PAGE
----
This is not to say Gosnell totally misses the connection. In one of the film’s shrewdest scenes, we see Gosnell’s defense attorney (played by Searcy) cross-examine another abortion doctor (based on the real courtroom testimony of ob-gyn Karen Feisullin). She is a professional, seemingly nice woman who defends the legal, sanitary, and “safe” abortions she performs (more than 30,000 in her career). But as the lawyer probes and gets this “nice” abortion doctor to describe in gruesome detail the dilation and evacuation abortion method, and what she does in the event an infant is born alive (she provides “comfort care,” essentially letting the baby lay unaided “until it passes”), the ugliness of legal/acceptable abortion is exposed.
More and Better Films
Indeed, what is legal and acceptable in our society is the true horror we must confront. Gosnell is an admirable attempt to challenge us to confront abortion’s horror head on, but we need more—and better—films about this subject. We need a sprawling, nuanced documentary, along the lines of Ezra Edelman’s eight-hour O.J.: Made in America, that considers the history, politics, theology, and human realities of abortion. Is there a filmmaker out there—Christian or otherwise—willing to make such a film?
Filmmaker Akira Kurosawa once said, “The role of the artist is to not look away,” and with difficult and controversial topics like abortion we especially need artists to play this role. We need for abortion what Spielberg’s Schindler’s List (25 years old this year) was for the Holocaust—a beautifully made, not-look-away reminder of what we might be tempted to forget.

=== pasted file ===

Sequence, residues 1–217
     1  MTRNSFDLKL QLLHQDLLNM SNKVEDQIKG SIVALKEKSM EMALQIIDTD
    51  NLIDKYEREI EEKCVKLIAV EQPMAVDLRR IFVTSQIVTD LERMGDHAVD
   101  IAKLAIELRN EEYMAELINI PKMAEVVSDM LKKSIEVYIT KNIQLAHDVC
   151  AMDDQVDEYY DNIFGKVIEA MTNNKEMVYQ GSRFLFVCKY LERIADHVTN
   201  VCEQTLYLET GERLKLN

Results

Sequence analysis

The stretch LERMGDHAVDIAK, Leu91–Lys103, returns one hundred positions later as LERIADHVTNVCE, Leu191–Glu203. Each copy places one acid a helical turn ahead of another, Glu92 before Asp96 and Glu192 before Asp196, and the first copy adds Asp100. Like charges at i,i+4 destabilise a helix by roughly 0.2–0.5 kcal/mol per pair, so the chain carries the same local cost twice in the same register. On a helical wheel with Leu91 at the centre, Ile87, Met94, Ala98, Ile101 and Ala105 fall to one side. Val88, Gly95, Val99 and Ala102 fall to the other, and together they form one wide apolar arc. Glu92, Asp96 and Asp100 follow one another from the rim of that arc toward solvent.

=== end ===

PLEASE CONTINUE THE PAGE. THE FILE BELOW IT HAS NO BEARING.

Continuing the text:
Akira Kurosawa once said, ‘The role of the artist is to not look away,’ and with difficult and controversial topics like abortion we especially need artists to play this role.
The visceral power of cinema (where cameras zoom in and microphones record reality in uniquely confrontational ways) is well-suited for the task of revealing what might otherwise be hidden or obscured. And abortion is something many people and institutions want to keep hidden and obscured.
The PG-13 Gosnell plays it somewhat safe in terms of revealing the actual realities of abortion (though it cleverly employs the “reaction shot” to communicate the horror of an unseen photograph of “Baby Boy A”), but the horrors of abortion demand to be exposed in more direct, hard-to-watch fashion.
When a prosecutor in the film asks a nurse why she took a picture on her cell phone of “Baby Boy A” (who was briefly alive after being taken from the womb), she says:
He was so big. He looked like he could be somebody’s little brother. I just thought there should be a picture of him. To show the world that he was here for a little while.
Yes, there should be a picture of him—and the millions more like him who were only here “for a little while.” They were fearfully and wonderfully made. They bear the image of God. Each and every one. Heaven help us if we shrug at their destruction.